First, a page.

Thursday, September 20, 2007

SP Terms - Sluglines


Sluglines or probably more accurately Slug lines provide information about a specific scene. Also known as a scene heading, a master scene heading or shot heading.

In Spec scripts, the slug line is typically comprised of three pieces of information:-

1) Scene intros - an abbreviation documenting information about where the scene is set.

        INT. - interior and tells us the scene is shot indoors
        EXT. - exterior and tells us the scene is shot outdoors
        I/E. - also known as INT./EXT. (or vice-versa) this tells us the scene
                is a combination of indoors & outdoors

2) Location - information about where the scene takes place

        e.g. INT. FITTS HOUSE or INT. FITTS HOUSE - RICKY’S ROOM

        Note how elements of a location are separated by a hyphen and
        need to occur from general to specific

        e.g. INT. ROLLS ROYCE - TRUNK
        
        or EXT. SEATTLE - DOWNTOWN - FERRY TERMINAL - DRY DOCK

        (though too much information makes for a difficult read.)

3) Times - the time of day that the scene is taking place (a practical implication for eventual production)

        e.g. DAY or NIGHT

        They recommended that for Specs, writers should confine
        themselves to these two only. This is to maintain the reader’s         orientation and still be able to tell the story.

        However, any or more of the the following are deemed valid with
        many readers:-
        
        AFTERNOON, MORNING, EVENING, LATER, MOMENTS LATER,
        CONTINUOUS, THE NEXT DAY, SUNRISE, 3 AM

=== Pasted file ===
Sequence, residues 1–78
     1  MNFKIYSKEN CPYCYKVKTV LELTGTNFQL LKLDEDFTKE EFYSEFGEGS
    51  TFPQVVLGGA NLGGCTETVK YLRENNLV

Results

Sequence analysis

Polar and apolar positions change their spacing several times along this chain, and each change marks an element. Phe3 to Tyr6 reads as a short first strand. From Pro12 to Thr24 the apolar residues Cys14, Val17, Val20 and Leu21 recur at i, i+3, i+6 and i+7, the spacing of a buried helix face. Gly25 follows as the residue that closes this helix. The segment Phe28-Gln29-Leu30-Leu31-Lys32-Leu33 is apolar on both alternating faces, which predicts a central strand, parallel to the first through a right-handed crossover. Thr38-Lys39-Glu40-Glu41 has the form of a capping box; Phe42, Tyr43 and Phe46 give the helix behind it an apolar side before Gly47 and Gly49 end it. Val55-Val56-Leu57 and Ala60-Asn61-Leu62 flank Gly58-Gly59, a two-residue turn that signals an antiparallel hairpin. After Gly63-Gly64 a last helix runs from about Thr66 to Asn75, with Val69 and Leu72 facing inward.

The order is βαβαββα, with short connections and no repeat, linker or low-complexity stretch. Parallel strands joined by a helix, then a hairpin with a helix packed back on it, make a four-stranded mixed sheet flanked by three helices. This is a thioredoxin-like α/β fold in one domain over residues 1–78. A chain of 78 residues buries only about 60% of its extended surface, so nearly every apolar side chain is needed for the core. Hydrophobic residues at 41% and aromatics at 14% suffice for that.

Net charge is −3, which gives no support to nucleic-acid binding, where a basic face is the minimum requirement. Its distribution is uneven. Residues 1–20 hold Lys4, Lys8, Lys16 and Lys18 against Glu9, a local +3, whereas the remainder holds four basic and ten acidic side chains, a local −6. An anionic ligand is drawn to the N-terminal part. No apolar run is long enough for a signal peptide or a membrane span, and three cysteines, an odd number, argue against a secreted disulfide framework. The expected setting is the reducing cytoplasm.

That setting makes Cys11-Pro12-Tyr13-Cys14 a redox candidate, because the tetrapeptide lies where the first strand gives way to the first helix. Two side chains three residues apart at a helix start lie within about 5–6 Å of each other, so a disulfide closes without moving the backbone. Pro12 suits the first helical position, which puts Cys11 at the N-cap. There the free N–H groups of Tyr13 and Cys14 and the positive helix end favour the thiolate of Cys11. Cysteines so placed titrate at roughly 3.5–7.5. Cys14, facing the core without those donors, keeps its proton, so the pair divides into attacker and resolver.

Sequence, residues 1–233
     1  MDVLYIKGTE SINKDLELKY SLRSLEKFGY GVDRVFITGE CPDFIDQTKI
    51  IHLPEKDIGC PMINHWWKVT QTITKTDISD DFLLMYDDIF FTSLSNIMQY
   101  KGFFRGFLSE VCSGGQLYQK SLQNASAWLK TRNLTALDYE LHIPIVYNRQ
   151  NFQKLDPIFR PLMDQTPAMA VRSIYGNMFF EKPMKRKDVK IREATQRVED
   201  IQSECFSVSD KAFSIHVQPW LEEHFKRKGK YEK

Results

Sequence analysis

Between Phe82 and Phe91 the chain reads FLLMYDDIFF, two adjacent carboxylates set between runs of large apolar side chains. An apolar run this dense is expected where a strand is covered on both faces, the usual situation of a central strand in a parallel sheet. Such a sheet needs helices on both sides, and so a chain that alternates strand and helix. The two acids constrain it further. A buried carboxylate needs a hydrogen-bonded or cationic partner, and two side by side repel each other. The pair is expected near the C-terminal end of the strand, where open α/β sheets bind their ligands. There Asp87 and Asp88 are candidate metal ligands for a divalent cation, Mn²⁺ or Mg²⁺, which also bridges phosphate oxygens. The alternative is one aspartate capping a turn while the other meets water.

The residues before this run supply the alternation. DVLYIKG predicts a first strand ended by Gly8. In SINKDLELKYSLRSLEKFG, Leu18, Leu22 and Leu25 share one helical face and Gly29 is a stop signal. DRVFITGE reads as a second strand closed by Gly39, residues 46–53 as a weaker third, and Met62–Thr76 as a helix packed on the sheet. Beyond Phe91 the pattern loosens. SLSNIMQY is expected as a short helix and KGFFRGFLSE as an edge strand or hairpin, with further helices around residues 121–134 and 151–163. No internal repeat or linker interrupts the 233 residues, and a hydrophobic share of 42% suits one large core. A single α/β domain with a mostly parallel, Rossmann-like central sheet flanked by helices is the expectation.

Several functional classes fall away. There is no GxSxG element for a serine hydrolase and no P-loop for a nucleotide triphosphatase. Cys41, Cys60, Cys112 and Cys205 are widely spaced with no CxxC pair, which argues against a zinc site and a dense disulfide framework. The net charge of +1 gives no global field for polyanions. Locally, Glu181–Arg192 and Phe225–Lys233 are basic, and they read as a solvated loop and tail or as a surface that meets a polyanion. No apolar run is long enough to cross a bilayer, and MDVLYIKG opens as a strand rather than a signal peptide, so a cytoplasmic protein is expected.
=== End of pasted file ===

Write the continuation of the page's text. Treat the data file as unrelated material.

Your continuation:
(and so-on).


In addition to master slug lines, it is now commonplace to see what are called mini-slugs (or secondary headings) within a master slug lined scene. In other words, once the scene has established itself as being (say) in an apartment, it is acceptable to shift focus to a specific part of the apartment without the accompanying (messy) new slug line.

e.g. INT. TOM’S APARTMENT - NIGHT

Matt sits down on the sofa... he rolls up his newspaper and swats the cat playfully. The cat jumps off and walks over to Matt’s

COMPUTER DESK

where he jumps up and lays down on the keyboard.



Finally:

In a shooting script, the slug line can comprise extra components :-

        2.5) Type of shot - CLOSEUP, WIDE, ESTABLISHING, TRACKING SHOT,
                                        AERIAL, UNDERWATER etc


        2.6) Subject of shot - focus is deliberately concentrated
                                        e.g. TRACKING SHOT - JIM, MIKE, PAT


(these are outlined here only to explain what one might see - maybe - in a shooting script... it’s worth noting however that standards are not always consistent, so variations can/will occur.)

1 comment:

Alex said...

Incredible, you answered two questions I had in one shot! BTW, I live the PNW (Seattle to be precise) and also have many interests but little talent, so I'm sure I will continue to enjoy your blog.